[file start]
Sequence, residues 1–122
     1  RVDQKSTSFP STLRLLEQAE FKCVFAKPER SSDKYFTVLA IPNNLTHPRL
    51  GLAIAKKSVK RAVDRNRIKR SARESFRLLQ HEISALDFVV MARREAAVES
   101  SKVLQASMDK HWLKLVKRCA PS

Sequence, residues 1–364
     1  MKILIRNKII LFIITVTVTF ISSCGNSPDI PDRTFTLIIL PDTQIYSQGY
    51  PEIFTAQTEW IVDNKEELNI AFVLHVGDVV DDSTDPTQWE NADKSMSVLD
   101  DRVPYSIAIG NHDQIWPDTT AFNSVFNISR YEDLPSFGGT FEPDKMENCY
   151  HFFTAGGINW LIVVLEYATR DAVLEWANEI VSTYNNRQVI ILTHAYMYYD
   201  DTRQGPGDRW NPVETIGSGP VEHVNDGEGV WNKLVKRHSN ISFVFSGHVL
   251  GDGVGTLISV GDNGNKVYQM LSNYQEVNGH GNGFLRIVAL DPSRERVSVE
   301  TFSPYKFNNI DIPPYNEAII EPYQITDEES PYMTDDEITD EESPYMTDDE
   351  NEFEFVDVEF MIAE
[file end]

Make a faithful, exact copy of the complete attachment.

Sequence, residues 1–122
     1  RVDQKSTSFP STLRLLEQAE FKCVFAKPER SSDKYFTVLA IPNNLTHPRL
    51  GLAIAKKSVK RAVDRNRIKR SARESFRLLQ HEISALDFVV MARREAAVES
   101  SKVLQASMDK HWLKLVKRCA PS

Sequence, residues 1–364
     1  MKILIRNKII LFIITVTVTF ISSCGNSPDI PDRTFTLIIL PDTQIYSQGY
    51  PEIFTAQTEW IVDNKEELNI AFVLHVGDVV DDSTDPTQWE NADKSMSVLD
   101  DRVPYSIAIG NHDQIWPDTT AFNSVFNISR YEDLPSFGGT FEPDKMENCY
   151  HFFTAGGINW LIVVLEYATR DAVLEWANEI VSTYNNRQVI ILTHAYMYYD
   201  DTRQGPGDRW NPVETIGSGP VEHVNDGEGV WNKLVKRHSN ISFVFSGHVL
   251  GDGVGTLISV GDNGNKVYQM LSNYQEVNGH GNGFLRIVAL DPSRERVSVE
   301  TFSPYKFNNI DIPPYNEAII EPYQITDEES PYMTDDEITD EESPYMTDDE
   351  NEFEFVDVEF MIAE